She addressed him in a challenging tone. “Amy will be staying several days until I wrap up my affairs in my home town. While she is here, Mr. Maxwell must not be informed that she is here. If he comes here while I am absent, he must be kept from her.” She paused, then continued in the same tone. “My husband assaulted Amy in her bedroom. You would not keep my secrets from my husband, James. Does your loyalty to my husband mean you will not keep this one from him as well?”

It was not a surprise to James that Mrs. Maxwell did not trust him, but he also recognized that she was giving him another opportunity. For that he was grateful. Not that it mattered; he liked Amy, and would willingly protect her. “I will see to it that Amy’s presence here is not known to Mr. Maxwell.”

Rebecca looked hard at James. Though she could not read thoughts, she could read emotions well enough to tell he meant it. She was tempted to inquire into his reasons, then decided not to. She had other matters of more importance to address.

James, on the other hand, decided he should use the opening to bring up another matter and show Mrs. Maxwell what he felt about his employer. “Ma’am, you should know I have decided to leave my position here at the end of the year. Miss Fairley, the gardener’s daughter, and I will be marrying, and I have a mind to go West to look for new opportunities.”

“You have told my husband this?”

“No, ma’am,” James replied.

Ah, so that’s how the wind blows, thought Rebecca. James is telling me he has lost favor with my husband. I wonder why. And he’s going to make an honest woman of Elsie Fairley, now that her father’s dead. Good for him! To James, she said, “I haven’t the time to talk about this right now, James. I must get back tonight. When I return, we will discuss this further. If you and Elsie are marrying, at the very least we must hold a celebration for you here and provide a wedding gift.”

It was not all he could have hoped for, but it was enough. James replied, “Thank you, ma’am.”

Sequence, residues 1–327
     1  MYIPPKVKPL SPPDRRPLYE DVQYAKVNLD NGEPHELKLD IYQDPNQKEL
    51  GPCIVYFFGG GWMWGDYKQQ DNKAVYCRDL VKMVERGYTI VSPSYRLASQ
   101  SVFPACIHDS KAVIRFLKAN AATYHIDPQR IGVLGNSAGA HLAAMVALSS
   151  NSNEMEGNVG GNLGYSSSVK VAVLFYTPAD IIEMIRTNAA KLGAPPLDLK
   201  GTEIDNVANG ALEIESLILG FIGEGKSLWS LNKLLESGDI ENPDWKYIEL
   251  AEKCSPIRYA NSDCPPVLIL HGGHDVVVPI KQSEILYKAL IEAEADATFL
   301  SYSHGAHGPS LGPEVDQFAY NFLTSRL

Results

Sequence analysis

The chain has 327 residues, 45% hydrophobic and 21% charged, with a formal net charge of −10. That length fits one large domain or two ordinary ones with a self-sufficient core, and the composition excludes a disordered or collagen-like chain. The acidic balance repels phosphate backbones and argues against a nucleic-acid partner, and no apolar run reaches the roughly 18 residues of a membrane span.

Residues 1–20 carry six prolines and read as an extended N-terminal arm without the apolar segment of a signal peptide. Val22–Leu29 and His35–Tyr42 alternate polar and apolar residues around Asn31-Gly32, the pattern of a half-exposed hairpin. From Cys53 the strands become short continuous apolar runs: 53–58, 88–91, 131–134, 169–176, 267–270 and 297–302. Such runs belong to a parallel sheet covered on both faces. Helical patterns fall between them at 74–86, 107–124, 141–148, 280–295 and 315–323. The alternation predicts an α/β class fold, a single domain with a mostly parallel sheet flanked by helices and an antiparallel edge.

Thinking about the staff, Rebecca remembered something she wanted to find out. “Is Ellen Taylor here, James?”

“No, Mrs. Maxwell, I let her go with most of the staff according to Mr. Maxwell’s instructions. She needed to find work, and expressed a wish to be helpful to you. I know the manager of Brown’s Hotel in your home town, and was able to secure her a job working there for the summer. I had just sent word of this arrangement to you this afternoon by mail.”

Rebecca was both perplexed and grateful. Perplexed, because James, who had betrayed her confidences last week, was going out of his way to be helpful to her, and yet could expect no advantage in doing so. Grateful, because she could use another pair of eyes hunting for this Maverick, and she could trust Ellen Taylor. With a feeling that time was pressing on her, Rebecca could only repeat herself. “Thank you, James, that was most considerate of you. As I say, we must talk when I return. But tonight I must ride back. Have the fastest horse in the stable saddled. I need to make a telephone call and be off.”

James bowed and departed for the stable. Rebecca went to the telephone room and rang her rooms in the Double Eagle. She wanted to let Abigail know she was all right and would return. And she wanted to send Patty over to Brown’s Hotel and see if Ellen Taylor could be recruited in the search for William Maverick.

Patty answered. She was overjoyed to find out Rebecca was fine, and babbled at some length. It took Rebecca asking several times before she could get Patty to explain why Abigail wasn’t there. In Abigail’s absence, Rebecca decided to combine her two goals into one mission. She asked Patty to go over to Brown’s and try to enlist Ellen Taylor, looking for Abigail both on her way out and way back. Rebecca explained that she would be returning that night, and that Abigail should be so informed. Then she rang off and headed for the stable.

Patty was pleased with the outcome of the telephone call. She felt that Rebecca’s order to go see Ellen trumped Abigail’s order to stay at the Double Eagle, an order she had deliberately not mentioned to Rebecca. After all, helping out had to be better than just sitting around.

 v.

James had selected Taghonick, one of her husband’s favorite horses, for Rebecca to ride. Rebecca was in a hurry, but she knew better than to try to push the gray race horse to a gallop the whole way. Best to set a moderately lively pace for the miles ahead. Rebecca even tried to catch some sleep in the saddle.